- Permanent Link:
- Update on controlling three bacterial diseases of foliage plants
- Series Title:
- AREC-Apopka research report
- Chase, A. R ( Ann Renee )
Agricultural Research and Education Center (Apopka, Fla.)
- Place of Publication:
- Apopka FL
- University of Florida, IFAS, Agricultural Research and Education Center-Apopka
- Publication Date:
- Physical Description:
- 3 p. : ; 28 cm.
- Subjects / Keywords:
- Foliage plants -- Diseases and pests -- Control -- Florida ( lcsh )
Bacterial diseases of plants -- Control -- Florida ( lcsh )
Wildlife damage management ( jstor )
Bacterial diseases ( jstor )
Butterflies ( jstor )
- government publication (state, provincial, terriorial, dependent) ( marcgt )
non-fiction ( marcgt )
- General Note:
- Caption title.
- Statement of Responsibility:
- A.R. Chase.
- Source Institution:
- University of Florida
- Rights Management:
- All applicable rights reserved by the source institution and holding location.
- Resource Identifier:
- 70701662 ( OCLC )
The publications in this collection do
not reflect current scientific knowledge
or recommendations. These texts
represent the historic publishing
record of the Institute for Food and
Agricultural Sciences and should be
used only to trace the historic work of
the Institute and its staff. Current IFAS
research may be found on the
Electronic Data Information Source
site maintained by the Florida
Cooperative Extension Service.
Copyright 2005, Board of Trustees, University
Update on Controlling Three Bacterial Diseases of Foliage Plants
A. R. Chase ---.
University of Florida, IFAS' Central Science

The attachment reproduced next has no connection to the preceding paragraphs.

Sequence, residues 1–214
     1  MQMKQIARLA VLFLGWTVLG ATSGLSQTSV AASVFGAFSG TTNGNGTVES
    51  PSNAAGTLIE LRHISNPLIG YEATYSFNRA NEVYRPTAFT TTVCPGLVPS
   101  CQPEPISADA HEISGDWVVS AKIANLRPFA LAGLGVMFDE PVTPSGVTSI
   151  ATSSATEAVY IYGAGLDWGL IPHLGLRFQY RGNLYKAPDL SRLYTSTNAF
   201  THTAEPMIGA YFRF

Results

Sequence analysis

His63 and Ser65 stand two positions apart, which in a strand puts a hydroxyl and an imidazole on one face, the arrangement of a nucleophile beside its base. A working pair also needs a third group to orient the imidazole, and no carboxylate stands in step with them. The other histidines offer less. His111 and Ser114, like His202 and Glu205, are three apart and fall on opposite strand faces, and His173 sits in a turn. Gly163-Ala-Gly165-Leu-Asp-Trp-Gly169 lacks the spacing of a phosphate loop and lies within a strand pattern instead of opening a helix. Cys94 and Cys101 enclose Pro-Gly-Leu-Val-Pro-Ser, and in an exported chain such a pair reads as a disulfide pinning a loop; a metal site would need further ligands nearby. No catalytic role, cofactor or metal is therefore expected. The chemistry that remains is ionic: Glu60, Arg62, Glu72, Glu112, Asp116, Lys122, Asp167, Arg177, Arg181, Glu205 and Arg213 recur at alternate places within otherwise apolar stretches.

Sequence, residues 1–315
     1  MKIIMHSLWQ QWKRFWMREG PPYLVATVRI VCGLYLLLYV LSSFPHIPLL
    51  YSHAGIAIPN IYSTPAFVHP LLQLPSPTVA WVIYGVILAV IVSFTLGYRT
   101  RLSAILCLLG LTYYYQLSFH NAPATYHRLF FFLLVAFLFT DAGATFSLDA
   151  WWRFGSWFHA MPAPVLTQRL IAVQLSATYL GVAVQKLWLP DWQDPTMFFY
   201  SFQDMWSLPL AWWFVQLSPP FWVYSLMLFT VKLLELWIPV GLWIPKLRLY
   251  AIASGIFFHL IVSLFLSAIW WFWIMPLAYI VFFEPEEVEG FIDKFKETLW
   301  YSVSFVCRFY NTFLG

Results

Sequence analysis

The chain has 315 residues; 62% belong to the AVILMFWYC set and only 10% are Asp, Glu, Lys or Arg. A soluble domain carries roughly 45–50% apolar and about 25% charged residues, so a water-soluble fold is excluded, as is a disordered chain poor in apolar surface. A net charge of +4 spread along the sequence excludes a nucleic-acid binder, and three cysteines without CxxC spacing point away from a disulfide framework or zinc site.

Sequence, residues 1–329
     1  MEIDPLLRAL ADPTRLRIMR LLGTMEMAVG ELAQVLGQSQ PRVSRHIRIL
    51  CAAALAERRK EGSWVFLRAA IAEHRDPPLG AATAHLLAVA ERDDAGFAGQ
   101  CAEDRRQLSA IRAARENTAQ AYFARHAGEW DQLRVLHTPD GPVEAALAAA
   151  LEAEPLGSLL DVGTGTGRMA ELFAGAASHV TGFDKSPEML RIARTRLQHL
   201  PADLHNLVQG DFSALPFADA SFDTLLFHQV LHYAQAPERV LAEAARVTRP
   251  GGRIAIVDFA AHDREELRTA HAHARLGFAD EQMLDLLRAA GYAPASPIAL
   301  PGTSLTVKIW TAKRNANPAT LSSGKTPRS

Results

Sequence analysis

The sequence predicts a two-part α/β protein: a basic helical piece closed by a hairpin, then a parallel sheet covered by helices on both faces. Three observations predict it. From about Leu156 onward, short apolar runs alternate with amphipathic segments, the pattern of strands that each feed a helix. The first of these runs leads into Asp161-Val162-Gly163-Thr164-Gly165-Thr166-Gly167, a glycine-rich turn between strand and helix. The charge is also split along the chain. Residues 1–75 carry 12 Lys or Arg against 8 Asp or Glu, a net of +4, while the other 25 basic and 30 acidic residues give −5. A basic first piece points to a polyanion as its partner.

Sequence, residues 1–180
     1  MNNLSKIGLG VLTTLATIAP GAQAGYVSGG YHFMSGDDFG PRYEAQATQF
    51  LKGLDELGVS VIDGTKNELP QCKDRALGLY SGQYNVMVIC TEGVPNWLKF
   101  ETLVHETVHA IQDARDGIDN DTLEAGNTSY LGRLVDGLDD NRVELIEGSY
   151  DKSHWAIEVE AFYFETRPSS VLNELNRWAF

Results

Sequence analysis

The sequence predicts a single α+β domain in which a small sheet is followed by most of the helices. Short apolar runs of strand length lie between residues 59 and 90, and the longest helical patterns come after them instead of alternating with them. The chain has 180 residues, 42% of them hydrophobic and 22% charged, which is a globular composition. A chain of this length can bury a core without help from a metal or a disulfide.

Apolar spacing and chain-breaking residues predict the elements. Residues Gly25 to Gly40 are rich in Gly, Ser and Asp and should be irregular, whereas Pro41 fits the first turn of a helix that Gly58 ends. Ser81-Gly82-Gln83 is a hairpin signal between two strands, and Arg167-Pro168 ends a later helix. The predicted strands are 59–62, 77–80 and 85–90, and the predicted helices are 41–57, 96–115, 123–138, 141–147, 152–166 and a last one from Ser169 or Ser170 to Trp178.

Agricultural Research and Education Center ApopP grar
AREC-Apopka Research Report RH-87-1
OCT 14 1987
Bacterial diseases of foliage plants cause serious ,losses every year
in Florida. High temperatures and humidity favor eveldtnot bdfobiact al
diseases making use of pesticides for control more Tftir--tha-under
cool, dry conditions. The only bactericides labeled for use on foliage
plants for control of a bacterial disease are streptomycin sulfate (Agri-
Strep) and copper products such as Kocide 101 77WP cupricc hydroxide).
Although these compounds provide the best chemical control of bacterial
diseases available, their use is commonly limited due to possibility of
phytotoxicity, lack of broad labeling, and relatively poor efficacy. New
compounds are occasionally introduced which may have activity against
bacteria. The following tests were designed to compare the fungicide,
Aliette 80WP (phosetyl aluminum) to cupric hydroxide and some new
bactericides from UniRoyal with cupric hydroxide for control of three
bacteria pathogenic on foliage plants.
All plants were obtained from growers as liners and grown for
approximately 2 months to improve chances of freedom from bacterial
pathogens and pesticide residues. Plants were grown in 4" pots in a
steam-treated potting medium consisting of equal parts of Canadian peat and
pine bark. The medium was amended with 10 Ibs Osmocote 19:6:12, 7 Ibs
dolomite, and 1 lb Micromax per cubic yard after steaming. Plants were
grown on raised benches in greenhouses with temperatures ranging from 65 to
95F and a maximum light level of 1800 ft-c.
The bacterial diseases which were tested were Syngonium blight (caused
by Xanthomonas campestris) on Syngonium podophyllum 'White Butterfly',
Xanthomonas leaf spot (caused by X. campestris pv. hederae) of Schefflera
arboricola (dwarf schefflera), and Pseudomonas leaf spot (caused by P.
cichorii) of Ficus lyrata (fiddle-leaf fig). Plants werg inoculated with a
bacterial suspension of the appropriate pathogen (1 x 10 bacteria/ml) or